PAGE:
I would have more sympathy with Toni Kamin's point of view ("I didn't think I'd be afraid to be Jewish in France, but I am") in her August 19, 2021 column, if it hadn't taken her nearly a half century of shutting her eyes to antisemitism before flicking them open again and taking in an eyeful of reality.
Yes, there is antisemitism — not only in France, but all over the world; The Israelite headlines the most timely and egregious examples of it).
So the question becomes, not why antisemitism should be practiced in France (there is "evil" in the world and there are evil people who avidly want to trigger it), but why it took her so long to see to see this "evil" for what it is. Why did it take her so long to recognize this danger?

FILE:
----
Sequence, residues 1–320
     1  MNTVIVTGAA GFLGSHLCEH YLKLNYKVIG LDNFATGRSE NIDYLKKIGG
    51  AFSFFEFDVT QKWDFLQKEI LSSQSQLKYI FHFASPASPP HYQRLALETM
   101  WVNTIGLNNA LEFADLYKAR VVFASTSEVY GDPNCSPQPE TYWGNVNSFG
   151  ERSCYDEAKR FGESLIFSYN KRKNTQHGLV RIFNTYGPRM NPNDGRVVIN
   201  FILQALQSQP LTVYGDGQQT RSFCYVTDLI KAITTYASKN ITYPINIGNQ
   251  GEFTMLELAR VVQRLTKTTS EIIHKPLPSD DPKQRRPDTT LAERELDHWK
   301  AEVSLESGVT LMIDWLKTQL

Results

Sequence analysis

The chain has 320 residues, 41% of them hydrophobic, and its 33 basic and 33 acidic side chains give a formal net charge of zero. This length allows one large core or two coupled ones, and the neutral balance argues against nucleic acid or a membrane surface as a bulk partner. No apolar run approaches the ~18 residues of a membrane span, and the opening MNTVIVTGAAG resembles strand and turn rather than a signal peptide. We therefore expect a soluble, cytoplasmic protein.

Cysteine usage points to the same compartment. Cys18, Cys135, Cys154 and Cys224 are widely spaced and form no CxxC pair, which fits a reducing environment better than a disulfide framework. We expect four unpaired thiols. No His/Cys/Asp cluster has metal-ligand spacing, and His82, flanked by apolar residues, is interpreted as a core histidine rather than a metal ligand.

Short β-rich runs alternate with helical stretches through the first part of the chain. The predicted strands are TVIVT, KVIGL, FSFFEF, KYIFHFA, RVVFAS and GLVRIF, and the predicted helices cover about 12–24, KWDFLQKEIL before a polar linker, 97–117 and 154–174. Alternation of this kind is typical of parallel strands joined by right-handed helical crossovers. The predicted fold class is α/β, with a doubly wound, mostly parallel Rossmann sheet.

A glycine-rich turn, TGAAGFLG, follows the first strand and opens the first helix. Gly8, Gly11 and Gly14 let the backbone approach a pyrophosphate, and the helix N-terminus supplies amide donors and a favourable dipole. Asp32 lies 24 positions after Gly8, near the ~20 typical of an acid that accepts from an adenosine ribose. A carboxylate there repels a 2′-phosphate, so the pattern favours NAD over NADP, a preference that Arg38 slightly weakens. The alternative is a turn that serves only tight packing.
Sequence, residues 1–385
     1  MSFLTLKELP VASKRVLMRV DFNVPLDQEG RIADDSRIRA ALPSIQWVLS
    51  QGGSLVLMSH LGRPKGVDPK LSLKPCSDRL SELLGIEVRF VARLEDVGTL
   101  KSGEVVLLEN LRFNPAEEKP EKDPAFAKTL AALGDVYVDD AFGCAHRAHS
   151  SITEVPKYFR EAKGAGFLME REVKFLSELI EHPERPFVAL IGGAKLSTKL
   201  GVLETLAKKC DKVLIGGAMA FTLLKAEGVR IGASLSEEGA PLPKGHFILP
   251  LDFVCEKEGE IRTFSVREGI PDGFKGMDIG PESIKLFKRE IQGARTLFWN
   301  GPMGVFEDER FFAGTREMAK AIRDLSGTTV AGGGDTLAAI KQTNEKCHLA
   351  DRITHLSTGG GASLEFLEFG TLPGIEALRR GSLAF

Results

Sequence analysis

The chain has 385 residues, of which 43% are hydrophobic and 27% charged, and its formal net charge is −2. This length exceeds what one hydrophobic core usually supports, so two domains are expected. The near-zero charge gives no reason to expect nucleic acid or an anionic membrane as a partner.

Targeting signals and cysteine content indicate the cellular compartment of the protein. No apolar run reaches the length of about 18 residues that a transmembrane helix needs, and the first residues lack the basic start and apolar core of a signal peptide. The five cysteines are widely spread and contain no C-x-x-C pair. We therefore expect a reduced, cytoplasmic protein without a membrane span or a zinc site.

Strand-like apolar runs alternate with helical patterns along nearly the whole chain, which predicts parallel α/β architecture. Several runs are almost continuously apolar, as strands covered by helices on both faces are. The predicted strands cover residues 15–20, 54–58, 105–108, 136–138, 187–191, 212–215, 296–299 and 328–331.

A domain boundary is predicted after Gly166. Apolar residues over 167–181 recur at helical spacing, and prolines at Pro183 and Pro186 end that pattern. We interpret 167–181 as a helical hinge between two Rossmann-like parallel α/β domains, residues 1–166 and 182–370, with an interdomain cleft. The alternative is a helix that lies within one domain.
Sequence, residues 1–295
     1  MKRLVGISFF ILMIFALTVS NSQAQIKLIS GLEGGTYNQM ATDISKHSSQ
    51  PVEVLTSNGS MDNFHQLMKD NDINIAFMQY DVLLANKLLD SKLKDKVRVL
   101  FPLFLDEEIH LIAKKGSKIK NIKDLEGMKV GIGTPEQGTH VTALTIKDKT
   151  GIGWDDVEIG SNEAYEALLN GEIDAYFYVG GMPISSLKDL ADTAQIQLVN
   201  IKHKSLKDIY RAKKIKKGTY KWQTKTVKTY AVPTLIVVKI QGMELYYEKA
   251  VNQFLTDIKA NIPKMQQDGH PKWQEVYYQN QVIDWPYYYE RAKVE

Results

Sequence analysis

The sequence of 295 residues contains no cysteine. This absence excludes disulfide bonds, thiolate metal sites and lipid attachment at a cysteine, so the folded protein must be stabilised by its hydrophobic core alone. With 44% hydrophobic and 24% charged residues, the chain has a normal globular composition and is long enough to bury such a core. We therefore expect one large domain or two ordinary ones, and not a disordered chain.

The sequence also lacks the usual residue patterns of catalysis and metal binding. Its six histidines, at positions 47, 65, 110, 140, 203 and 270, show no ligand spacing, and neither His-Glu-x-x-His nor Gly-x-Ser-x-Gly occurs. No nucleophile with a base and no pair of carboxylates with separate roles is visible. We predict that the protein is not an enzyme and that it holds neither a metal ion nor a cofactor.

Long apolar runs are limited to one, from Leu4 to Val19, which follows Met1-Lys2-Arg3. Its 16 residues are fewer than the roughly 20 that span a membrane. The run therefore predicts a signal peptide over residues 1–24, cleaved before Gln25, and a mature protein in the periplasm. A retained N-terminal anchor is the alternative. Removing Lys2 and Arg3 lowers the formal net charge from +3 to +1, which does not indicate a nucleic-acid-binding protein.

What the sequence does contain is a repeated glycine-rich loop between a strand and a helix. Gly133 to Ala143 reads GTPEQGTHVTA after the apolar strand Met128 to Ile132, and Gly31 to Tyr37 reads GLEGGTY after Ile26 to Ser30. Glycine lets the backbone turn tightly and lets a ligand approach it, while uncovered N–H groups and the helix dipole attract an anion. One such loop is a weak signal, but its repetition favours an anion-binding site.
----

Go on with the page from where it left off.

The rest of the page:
You would think that any Jew who remembers the Holocaust would realize that there is no bridge too far for an antisemitic-outlier to cross if it means he/she can murder one more Jew.
After all, don’t you realize this? There is a whole nation that was created (and hopefully will forever thrive) dedicated to the proposition that Jews will always need a berth of safe haven.
Why do they need a safe haven? Because without one, Jews are fated to endure more pogroms and holocausts. Why should this happen? Because many non-Jews see Jews as a minority whose lives do not matter, and whose breathing apparatus is of little more worth than a rodent’s.
I guess, my final words to Ms. Kamins are these: "Welcome to the real world. What took you so long?”
Blue Ash, OH